Now Lake Ontario, that’s a different beast. Riding around it is not an afternoon jaunt, the breeze is typically more like a gale (it seems rarely at your back), but the roads…ahh. The roads are worth the trip, ribbons of asphalt along the limestone shores, over hill and dale through the Northumberland hills with views that those of us from Peterborough rarely get a chance to see.
Many from Peterborough have ridden along the shores of Lake Ontario at some point, few have ever ridden from Peterborough to the shores of Lake Ontario and none had ever ridden there and back quite like this. In true Noble Pursuit style we took the back roads, unmaintained road allowances and a few asphalt rollercoaster country lanes, but what else would you expect?
172km | 1158m of climbing
Devils 4 Mile Road… that’s the type of thing I see on a map and the gears start turning. Found this beauty a couple of years ago and kept it in my back pocket for future use. Always knew it would end up in the Noble Pursuit but was waiting for the right moment and needed some time to search out a few other roads to connect it all together. In 2015 it all came together.
From rolling farm lanes to beautiful rolling asphalt, sleepy little cottage roads to roller coaster, smile-inducing cart tracks, this ride is everything the Noble Pursuit is meant to be. Coming in at 175kms, with 1375m of elevation gain, this ride is literally, a diamond in the rough.
149km | 1259m of climbing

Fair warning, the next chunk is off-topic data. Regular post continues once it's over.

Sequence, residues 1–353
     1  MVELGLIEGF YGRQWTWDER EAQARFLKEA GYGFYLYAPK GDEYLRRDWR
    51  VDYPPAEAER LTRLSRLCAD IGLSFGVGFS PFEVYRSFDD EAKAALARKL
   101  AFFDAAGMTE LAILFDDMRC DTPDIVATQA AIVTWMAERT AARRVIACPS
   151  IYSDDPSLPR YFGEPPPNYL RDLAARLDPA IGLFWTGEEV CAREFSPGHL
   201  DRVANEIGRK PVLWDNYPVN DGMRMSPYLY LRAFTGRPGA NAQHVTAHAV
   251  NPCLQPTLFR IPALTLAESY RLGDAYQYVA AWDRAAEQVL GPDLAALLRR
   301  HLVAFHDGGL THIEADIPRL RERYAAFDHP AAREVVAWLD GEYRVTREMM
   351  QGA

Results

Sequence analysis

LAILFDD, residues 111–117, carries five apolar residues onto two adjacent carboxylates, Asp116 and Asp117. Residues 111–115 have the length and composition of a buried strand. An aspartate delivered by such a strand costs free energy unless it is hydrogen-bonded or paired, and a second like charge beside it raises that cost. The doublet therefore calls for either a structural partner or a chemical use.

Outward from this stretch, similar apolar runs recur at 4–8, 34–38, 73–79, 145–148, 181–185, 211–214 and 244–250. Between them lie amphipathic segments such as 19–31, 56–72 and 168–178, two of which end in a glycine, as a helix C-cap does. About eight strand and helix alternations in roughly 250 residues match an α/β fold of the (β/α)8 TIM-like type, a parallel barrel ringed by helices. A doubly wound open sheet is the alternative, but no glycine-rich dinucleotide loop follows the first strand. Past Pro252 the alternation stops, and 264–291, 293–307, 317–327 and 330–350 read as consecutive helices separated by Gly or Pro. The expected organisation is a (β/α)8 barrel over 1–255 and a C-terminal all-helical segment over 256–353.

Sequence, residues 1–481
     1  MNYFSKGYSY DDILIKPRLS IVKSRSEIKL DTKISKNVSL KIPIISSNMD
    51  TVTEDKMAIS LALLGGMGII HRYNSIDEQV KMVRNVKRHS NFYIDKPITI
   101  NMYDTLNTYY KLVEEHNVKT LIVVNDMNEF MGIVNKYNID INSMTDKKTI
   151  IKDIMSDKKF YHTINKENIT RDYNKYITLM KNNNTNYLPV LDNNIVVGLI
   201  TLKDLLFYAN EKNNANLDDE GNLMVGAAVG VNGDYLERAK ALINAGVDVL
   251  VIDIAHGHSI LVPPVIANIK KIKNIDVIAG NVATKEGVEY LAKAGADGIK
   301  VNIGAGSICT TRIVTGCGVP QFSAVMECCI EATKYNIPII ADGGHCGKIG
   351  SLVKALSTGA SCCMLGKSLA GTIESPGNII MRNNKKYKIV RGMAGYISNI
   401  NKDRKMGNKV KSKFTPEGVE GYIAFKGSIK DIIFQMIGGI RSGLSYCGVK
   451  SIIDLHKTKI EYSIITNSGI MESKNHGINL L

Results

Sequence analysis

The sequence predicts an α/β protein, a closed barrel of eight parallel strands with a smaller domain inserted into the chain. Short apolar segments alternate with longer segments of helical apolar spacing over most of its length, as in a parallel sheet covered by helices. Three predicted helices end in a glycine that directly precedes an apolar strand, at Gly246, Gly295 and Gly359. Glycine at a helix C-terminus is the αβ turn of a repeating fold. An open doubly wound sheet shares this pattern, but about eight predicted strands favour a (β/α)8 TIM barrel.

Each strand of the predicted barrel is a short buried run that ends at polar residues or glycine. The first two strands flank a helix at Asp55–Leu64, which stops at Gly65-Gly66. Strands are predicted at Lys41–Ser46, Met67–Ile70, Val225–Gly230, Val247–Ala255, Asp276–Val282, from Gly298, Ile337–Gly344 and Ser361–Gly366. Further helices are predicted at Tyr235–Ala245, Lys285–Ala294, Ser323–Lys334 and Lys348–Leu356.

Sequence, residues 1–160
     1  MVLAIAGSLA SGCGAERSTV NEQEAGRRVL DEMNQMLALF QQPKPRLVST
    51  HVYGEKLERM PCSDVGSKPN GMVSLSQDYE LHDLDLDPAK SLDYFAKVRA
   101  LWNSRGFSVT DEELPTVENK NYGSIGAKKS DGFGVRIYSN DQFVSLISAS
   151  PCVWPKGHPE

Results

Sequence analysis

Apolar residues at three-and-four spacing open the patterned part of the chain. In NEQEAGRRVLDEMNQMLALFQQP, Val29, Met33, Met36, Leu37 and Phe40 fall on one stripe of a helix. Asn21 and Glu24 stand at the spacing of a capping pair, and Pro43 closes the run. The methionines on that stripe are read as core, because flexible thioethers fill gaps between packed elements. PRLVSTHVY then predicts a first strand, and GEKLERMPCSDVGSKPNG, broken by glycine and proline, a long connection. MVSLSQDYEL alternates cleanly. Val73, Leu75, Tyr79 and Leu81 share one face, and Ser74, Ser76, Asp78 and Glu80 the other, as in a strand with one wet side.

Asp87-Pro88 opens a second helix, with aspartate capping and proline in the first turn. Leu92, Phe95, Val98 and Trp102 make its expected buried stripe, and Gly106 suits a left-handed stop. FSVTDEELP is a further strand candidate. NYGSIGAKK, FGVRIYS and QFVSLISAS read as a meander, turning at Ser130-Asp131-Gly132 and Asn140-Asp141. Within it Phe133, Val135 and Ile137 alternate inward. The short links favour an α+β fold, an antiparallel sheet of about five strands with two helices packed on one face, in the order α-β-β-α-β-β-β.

A couple of years earlier my friend David Blondel and I set off on a friendly challenge to ride the Triple Crown Challenge. A collection of long rides that Kieran Andrews had designed and challenged others to ride and write about. All the routes were roughly 200kms long, covering some of the best of what our region had to offer. The idea of the challenge was to ride a route, any one of them, maybe two or all three them through the summer and share your story on Ptborides.com. Well, I got it in my head to ride all three of them, back to back to back, over one weekend. David was the only one foolish enough to sign up. We never did write about it. I’m not sure either of us were able to put our experience into words.
This route is in memory of one of our days, which took us around Rice Lake and few other spots that this year’s Noble Pursuit route did not. The memory of rolling hills and beauty of the Northumberland Hills was my inspiration for the route. Of course, to make it a true Noble Pursuit a few gravel roads and unmaintained goat paths were added for good measure.
162km | 1386m of climbing
When I was starting to put together this route I had two things in mind. One, to show everybody a new road. Two, doughnuts. The mill at Tyrone had been a destination for a couple of years now for great, fresh, being made right in front of your eyes; doughnuts. Enjoyed on the dock of the mill pond and a quick exploration of this 167 year old mill makes for a great break from the saddle. Really the Tyrone mill and its great doughnuts were the main inspiration for the ride. But as far as showing everybody a new road…Success.
139km | 752m climbing
The ride that began it all. This route came out a combination of a couple of other great rides that I had done over the past couple of summers when my interest in gravel riding was really just beginning. The goal was to stretch the capabilities of each and every rider, to throw rubber down a few unexpected roads trails and take in all that the Peterborough region had to offer in terms of beauty and fine roads.